8

Is there any reason why the standard specifies them as template structs instead of simple boolean constexpr?

In an additional question that will probably be answered in a good answer to the main question, how would one do enable_if stuff with the non-struct versions?

  • 2
    "Why isn't it done with a simple X?" "How could it be done with X?" Lulz. :) – Lightness Races in Orbit Jan 17 '12 at 14:55
  • enable_if is a metafunction that returns a type. You can't return types from regular functions. Only the type traits that produce integral constants can be made constexpr functions. – R. Martinho Fernandes Jan 17 '12 at 15:01
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    I'm afraid I don't understand what alternative you're suggesting by "simple boolean constexpr". How are you suggesting that, say, std::is_integral could be declared but wasn't? I suspect the answer has to do with the fact that it's possible to overload a function on true_type and false_type, but it's not possible to overload a function on the value of a constexpr, and this overloading provides an extra tool for TMP. But I'm not sure -- if you want to know why is_integral etc are class templates, then I don't see how they could be anything else (other than built-in operators). – Steve Jessop Jan 17 '12 at 15:01
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    "how would one do enable_if stuff with the non-struct versions?" - exactly. – Steve Jessop Jan 17 '12 at 15:06
18

One reason is that constexpr functions can't provide a nested type member, which is useful in some meta-programming situations.

To make it clear, I'm not talking only of transformation traits (like make_unsigned) that produce types and obviously can't be made constexpr functions. All type traits provide such a nested type member, even unary type traits and binary type traits. For example is_void<int>::type is false_type.

Of course, this could be worked around with std::integral_constant<bool, the_constexpr_function_version_of_some_trait<T>()>, but it wouldn't be as practical.

In any case, if you really want function-like syntax, that is already possible. You can just use the traits constructor and take advantage of the constexpr implicit conversion in integral_constant:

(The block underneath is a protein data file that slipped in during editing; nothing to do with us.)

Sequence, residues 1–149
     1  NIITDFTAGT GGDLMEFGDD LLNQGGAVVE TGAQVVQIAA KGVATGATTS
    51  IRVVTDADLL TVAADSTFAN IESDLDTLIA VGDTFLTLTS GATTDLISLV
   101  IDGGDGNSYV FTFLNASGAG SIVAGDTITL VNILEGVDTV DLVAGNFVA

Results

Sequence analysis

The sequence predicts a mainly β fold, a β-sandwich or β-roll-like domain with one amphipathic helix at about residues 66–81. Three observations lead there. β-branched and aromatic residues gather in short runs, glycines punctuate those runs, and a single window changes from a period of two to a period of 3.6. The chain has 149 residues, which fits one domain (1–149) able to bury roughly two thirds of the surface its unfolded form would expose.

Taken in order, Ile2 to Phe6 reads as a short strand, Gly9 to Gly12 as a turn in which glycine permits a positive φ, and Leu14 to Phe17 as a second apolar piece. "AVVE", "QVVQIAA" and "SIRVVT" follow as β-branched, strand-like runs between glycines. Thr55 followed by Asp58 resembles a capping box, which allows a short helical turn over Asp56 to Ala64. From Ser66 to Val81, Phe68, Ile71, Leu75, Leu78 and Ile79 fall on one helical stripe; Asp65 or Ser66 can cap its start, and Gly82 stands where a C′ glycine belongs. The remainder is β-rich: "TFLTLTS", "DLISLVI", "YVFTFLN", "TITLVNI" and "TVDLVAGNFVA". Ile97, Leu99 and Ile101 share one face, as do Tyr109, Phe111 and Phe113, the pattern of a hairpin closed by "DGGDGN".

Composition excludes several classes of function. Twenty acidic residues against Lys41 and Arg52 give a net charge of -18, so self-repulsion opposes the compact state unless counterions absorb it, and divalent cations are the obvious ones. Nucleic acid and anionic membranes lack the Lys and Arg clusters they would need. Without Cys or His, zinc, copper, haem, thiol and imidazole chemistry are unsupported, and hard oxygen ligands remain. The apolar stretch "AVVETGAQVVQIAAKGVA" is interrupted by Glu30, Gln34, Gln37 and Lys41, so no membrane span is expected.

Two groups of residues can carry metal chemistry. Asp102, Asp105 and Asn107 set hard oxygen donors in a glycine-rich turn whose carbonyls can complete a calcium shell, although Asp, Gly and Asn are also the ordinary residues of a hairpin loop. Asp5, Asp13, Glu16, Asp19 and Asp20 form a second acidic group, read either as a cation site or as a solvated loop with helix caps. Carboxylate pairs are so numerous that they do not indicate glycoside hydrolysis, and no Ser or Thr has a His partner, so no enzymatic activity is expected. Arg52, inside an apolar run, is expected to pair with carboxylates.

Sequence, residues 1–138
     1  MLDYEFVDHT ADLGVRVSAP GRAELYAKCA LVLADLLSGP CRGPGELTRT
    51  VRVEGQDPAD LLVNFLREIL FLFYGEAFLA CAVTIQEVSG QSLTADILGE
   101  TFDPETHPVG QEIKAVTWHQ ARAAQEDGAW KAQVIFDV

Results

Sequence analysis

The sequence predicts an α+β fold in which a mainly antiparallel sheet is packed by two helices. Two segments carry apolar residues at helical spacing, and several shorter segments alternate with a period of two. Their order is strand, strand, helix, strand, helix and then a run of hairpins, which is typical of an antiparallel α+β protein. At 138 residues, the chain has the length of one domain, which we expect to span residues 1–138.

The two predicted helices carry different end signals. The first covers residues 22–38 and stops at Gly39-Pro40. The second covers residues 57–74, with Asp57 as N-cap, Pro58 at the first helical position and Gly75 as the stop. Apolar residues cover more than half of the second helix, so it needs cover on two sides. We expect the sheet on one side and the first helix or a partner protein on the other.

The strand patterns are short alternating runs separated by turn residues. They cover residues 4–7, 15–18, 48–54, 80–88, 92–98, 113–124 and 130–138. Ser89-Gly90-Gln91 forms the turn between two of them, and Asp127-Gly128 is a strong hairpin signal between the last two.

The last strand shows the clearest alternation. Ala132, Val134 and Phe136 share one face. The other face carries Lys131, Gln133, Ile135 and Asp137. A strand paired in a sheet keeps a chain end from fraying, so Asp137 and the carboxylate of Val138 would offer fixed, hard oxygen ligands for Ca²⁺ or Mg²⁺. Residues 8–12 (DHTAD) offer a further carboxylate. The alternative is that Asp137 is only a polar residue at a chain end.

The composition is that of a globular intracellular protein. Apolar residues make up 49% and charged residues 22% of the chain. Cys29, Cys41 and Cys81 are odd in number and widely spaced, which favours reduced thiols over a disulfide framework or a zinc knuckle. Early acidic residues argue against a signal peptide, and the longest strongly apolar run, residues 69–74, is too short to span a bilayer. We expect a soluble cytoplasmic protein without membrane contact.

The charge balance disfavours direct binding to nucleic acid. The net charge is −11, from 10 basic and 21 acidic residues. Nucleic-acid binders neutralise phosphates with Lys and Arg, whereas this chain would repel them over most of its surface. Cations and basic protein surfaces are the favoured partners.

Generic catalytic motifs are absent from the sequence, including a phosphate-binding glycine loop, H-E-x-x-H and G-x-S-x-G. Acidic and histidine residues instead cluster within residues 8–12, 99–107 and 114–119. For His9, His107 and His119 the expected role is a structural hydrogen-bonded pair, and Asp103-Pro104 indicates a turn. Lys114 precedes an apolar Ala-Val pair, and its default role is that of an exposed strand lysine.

static_assert(std::is_void<void>(), "void is void; who would have thunk?");

For transformation traits you can use a template alias to obtain something close to that syntax:

template <bool Condition, typename T = void>
using enable_if = typename std::enable_if<Condition, T>::type;
// usage:
// template <typename T> enable_if<is_void<T>(), int> f();
//
// make_unsigned<T> x;
  • Actually, a function can yield a type. It is commonly done to check base-to-derived relationships for exemple: you produce two overloads of the function, with different return type, and this return type is used. – Matthieu M. Jan 17 '12 at 16:28
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    ... grrr ... hate that freeze ... Anyway: decltype allows to get types out of functions painlessly: decltype(is_void(std::declval<int>())) vs typename is_void<int>::type... both look very similar to me. – Matthieu M. Jan 17 '12 at 16:37
  • Hmm, that's a good point. – R. Martinho Fernandes Jan 17 '12 at 16:39
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    Wow template aliases are more expressive than I first thought! – deft_code Jan 18 '12 at 3:40
  • Your last example exists in the stdlib now, as std::enable_if_t, alongside various other equivalent helpers for other type traits. – underscore_d Sep 25 '16 at 19:16
4

Note: this ends up looking more like a rant than a proper answer... I did got some itch reading the previous answers though, so please excuse me ;)

First, class traits are historically done with template structures because they predate constexpr and decltype. Without those two, it was a bit more work to use functions, though the various library implementations of is_base_of had to use functions internally to get the inheritance right.

What are the advantages of using functions ?

  • inheritance just works.
  • syntax can be more natural (typename ::type looks stupid TM)
  • a good number of traits are now obsolete

Actually, inheritance is probably the main point against class traits. It's annoying as hell that you need to specialize all your derived classes to do like momma. Very annoying. With functions you just inherit the traits, and can specialize if you want to.

What are the disadvantages ?

  • packaging! A struct trait may embed several types/constants at once.

Of course, one could argue that this is actually annoying: specializing iterator_traits, you just so often gratuitously inherit from std::iterator_traits just to get the default. Different functions would provide this just naturally.

Could it work ?

Well, in a word where everything would be constexpr based, except from enable_if (but then, it's not a trait), you would be going:

template <typename T>